The Story of a Cape Cod Speakeasy: Casa Madrid

Photo of Casa Madrid from the 1930’s, courtesy of The Historical Society of Old Yarmouth.

Prohibition was a law which made the production and sale of alcohol illegal in the United States.  The 18th Amendment to the Constitution it was on the books from January 1920 to December 1933.  During this time, however, despite it being illegal, there were still ways for people to enjoy their favorite liquors.  One of the most well-known is that of the ‘speakeasy.’  These were hidden spots where one could get a drink.  Cape Cod was no stranger to speakeasies with perhaps the most famous of these still standing to this day in South Yarmouth.  It was known as Casa Madrid and this is its story.

Situated today on Run Pond Road this stucco building stands out like a sore thumb among the rows of shingled classic Cape Cod homes.  It was constructed in early 1933 at a cost of $125,000 ($2.4 million in 2019) and promoted as a dinner and dancing establishment associated with the Yarmouth Beach Club.  The yellow stucco and red tiles were meant to catch the eye of passersby as was the intention of its creator, local realtor Alex Finn and his partner Oscar Skinner.  The Spanish-style was considered entirely new for Cape Cod at the time.  There were roads leading to the areas around Casa Madrid with the Nantucket Sound beaches merely a few hundred yards south, yet the establishment would be surrounded by trees for the most part.  Finn promised indoor and outdoor dancing with an enclosed courtyard with early estimates of the building being able to accommodate 3,000 people.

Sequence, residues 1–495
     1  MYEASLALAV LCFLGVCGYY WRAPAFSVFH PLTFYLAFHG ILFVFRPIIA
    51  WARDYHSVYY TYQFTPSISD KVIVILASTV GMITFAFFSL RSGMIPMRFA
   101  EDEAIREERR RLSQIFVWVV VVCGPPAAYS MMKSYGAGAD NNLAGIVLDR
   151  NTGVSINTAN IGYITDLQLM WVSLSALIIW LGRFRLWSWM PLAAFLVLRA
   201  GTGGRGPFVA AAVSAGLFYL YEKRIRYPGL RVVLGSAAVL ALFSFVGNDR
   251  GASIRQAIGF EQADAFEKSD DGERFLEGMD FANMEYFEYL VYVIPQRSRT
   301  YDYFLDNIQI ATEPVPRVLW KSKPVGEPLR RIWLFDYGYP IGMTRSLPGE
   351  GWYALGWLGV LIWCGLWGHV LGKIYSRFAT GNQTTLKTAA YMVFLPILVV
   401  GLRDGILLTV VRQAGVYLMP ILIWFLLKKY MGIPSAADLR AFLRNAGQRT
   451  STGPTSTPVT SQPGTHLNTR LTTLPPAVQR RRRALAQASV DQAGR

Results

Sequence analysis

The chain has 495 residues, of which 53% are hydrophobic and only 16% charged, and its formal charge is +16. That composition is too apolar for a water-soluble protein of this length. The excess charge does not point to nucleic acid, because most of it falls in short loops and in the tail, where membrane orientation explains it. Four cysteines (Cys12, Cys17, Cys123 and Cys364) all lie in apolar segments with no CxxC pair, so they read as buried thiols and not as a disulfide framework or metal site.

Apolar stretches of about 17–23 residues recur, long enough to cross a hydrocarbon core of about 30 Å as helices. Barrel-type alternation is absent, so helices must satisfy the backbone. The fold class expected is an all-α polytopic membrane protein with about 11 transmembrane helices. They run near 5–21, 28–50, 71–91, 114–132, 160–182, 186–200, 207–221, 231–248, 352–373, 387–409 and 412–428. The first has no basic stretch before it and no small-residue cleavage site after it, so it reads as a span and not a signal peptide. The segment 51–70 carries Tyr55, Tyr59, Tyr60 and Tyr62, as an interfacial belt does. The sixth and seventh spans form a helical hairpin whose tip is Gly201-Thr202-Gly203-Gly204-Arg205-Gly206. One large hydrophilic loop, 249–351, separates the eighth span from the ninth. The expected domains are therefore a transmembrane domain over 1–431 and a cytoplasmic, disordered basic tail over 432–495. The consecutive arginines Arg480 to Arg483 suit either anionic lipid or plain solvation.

Casa Madrid was meant to be the destination for dinner and dancing on the Cape with entrance via ticket only.   It was high class with proper dress required to get in as well.  The grand opening of June 30, 1933 was to be attended by those sent invitations only, mainly members of the Beach Club and other high ranking locals.  Membership had more than its share of perks with access to the lockers in the bathhouse, hammocks, swings, use of the handball and squash courts, along with use of canoes, rowboats, speedboats, and even a seaplane.  The opening was a rousing success and it appeared that Cape Cod had its newest ‘place to be.’

However a mere six weeks into its run Casa Madrid had its most famous night of all.  On the night of Sunday August 13, 1933 a group of thirty-five law enforcement officers under the direction of Lt. James Hughes and Assistant Attorney General George B. Lourie crashed the festivities at Casa Madrid after being tipped off about potential laws being broken there.  Although some of the 300 guests present were eating and dancing when the officers arrived a great many more were found to be drinking at one of three bars inside the building while others were illegally gambling.

The raid was a week in planning and carried out with pinpoint precision.  The troopers assembled in Norwell and made their way to the Cape accompanied by several Boston based newspaper reporters who had been tipped off.  Upon entering the establishment some of the patrons at Casa Madrid mistook the uniform-clad troopers as performers however this was obviously not the case.    In a clean sweep the raid seized a truck load of liquor, gambling equipment and furnishings including a roulette wheel valued at $25,000 ($492,000 in 2019), $7,360 ($145,000 in 2019) in cash on gambling tables, and resulted in the arrest of thirty-four people including owners Finn and Skinner.  In addition to those developments rumors had it that many prominent citizens including Boston mayor James Curley were in attendance that night, with him escaping through a window before being caught.